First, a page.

‘Perfectionist’ attribute can have drawbacks

Sharrif Floyd is happy to be in the second year of the same system, but his desire to be “perfect” on every play can have its drawbacks.

Being a perfectionist has its disadvantages. Sharrif Floyd can relate, and the coaches see that in him, too.

The Minnesota Vikings’ defensive tackle came into the league as a first-round draft pick with high expectations, but it took time for him to develop. Floyd started only one game as a rookie, but after Kevin Williams left for Seattle via free agency, it was Floyd’s time to step into the starting lineup. The timing coincided with the first season of Mike Zimmer’s defense in Minnesota.

Last year, Floyd started 11 games, had 55 tackles and 4½ sacks, but it was still a steep learning curve.

“He kind of caught on to exactly what we’re expecting out of him. He wasn’t thinking as much. He was able to use more of his athleticism,” defensive coordinator George Edwards said of Floyd’s emergence in the second half of the 2014 season. “The more as we worked through the course of the season, I think you saw him get better. He had a real good offseason and we’re off to a good start right now. So again, I’ll wait until we get into pads and you can see the consistencies and all those things as we go through training camp, but we’re excited where he’s at right now and look for him to keep continuing to grow.”

Floyd admits there was plenty of thinking involved in the first year of Zimmer’s defense and that slowed him down initially.

“Any play that he called, you can easily overthink it and that’s just what I’ve got to not focus on. Not overthink it and just play ball because when I’m playing ball and I’m locked in and when I’m going, I think I can be a handful,” he said.

“I like being perfect in what I do and coming out, even that one mess-up or two mess-ups, I feel like that’s not (good) enough. I feel like I’ve got to finish at 100 percent and that’s what I fight for, perfection.”

Nose tackle Linval Joseph said that’s a natural tendency and is commonplace among NFL players. The key is letting the mistake go and moving forward to the next play.

“I feel like everybody does that. I could make a big mistake and if I think about it too long, if I don’t let it go, it might bother me for the next play,” Joseph said. “At the end of the day, one play can cost you the game sometimes, but when it’s at the beginning of the game and you make a mistake, you have to forget about it and you’ve got to make up for it and that’s what we’re teaching here now.”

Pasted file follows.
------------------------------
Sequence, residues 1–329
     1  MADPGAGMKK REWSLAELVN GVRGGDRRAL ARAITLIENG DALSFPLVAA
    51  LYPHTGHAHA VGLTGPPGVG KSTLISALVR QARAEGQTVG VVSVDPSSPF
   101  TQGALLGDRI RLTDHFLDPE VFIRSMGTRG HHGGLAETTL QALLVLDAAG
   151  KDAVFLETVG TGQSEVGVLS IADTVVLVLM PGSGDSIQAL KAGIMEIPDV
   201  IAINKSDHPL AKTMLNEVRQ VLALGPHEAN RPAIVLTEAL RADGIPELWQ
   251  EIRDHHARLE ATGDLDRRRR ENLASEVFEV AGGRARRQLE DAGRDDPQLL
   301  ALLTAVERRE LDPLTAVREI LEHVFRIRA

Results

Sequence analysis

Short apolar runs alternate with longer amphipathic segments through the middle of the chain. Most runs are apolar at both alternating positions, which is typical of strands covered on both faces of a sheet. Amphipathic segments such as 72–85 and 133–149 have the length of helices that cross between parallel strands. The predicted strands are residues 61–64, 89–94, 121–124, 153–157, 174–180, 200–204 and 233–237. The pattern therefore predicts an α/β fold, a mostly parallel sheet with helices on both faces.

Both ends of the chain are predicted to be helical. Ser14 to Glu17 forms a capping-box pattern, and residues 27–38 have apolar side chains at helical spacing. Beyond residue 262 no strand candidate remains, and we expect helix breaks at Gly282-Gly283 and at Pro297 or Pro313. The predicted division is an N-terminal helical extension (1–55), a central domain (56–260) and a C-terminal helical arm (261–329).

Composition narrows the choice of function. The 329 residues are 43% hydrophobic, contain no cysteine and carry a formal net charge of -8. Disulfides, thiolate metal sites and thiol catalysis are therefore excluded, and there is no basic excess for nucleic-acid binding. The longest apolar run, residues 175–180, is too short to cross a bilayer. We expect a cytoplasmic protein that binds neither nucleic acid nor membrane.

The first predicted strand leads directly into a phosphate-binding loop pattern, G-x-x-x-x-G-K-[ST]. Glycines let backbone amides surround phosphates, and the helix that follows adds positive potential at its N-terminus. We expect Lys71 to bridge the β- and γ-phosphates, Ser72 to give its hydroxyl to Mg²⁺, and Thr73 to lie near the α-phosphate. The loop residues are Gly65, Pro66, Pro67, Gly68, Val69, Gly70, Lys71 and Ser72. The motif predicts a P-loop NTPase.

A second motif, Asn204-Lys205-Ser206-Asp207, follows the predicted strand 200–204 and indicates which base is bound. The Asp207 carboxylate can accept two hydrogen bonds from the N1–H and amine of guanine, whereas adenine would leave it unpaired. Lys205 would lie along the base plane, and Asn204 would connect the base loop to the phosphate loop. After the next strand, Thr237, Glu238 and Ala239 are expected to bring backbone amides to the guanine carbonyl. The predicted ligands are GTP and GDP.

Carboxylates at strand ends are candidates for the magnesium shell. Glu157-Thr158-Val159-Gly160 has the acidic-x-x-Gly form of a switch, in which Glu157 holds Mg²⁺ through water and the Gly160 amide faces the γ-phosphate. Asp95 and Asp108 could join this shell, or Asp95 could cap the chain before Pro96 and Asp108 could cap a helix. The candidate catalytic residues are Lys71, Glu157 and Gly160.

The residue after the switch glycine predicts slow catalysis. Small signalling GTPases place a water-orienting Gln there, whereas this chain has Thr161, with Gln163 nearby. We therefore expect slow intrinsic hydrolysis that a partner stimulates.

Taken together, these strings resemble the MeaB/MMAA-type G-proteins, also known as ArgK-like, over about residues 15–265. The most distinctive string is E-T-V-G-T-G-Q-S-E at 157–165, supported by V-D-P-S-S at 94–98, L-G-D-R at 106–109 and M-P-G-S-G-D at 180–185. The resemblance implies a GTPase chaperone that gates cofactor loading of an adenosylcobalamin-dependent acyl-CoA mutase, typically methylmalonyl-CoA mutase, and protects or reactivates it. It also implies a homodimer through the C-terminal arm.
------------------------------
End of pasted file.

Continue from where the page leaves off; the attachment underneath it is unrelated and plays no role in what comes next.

This will mark the first time in Floyd’s burgeoning career that he is in the same system. As a rookie, it was Leslie Frazier’s Tampa-2 system and Williams was in front of him. In Year 2, it was trying to digest Zimmer’s attacking style of play. This year, he’s excited to feel like he has a grasp on what is expected and simply go out and execute.

Zimmer is starting to see signs of that happening.

“There was one play (Sunday) and I was like, wow, that was pretty special. He’s got to continue to get better with his pass rush, playing the run,” Zimmer said. “The biggest thing honestly with Sharrif, what he has to do is he can’t let little things affect his play. He’s got to be able to every day, every way, it’s tough in there so these guys have got to be able to fight through some things. That’s what he’s going to have to do.”

Mental quickness comes with experience in the system, but physical quickness is something Floyd will have to continue to improve, Joseph said, and every little step matters.

“Just work on his craft – his hands, his quickness, his steps,” Joseph said. “Every little thing matters in the NFL. One half-step will just cost you a touchdown, cost you an extra 10 yards. That’s what he’s working on, the little things.”

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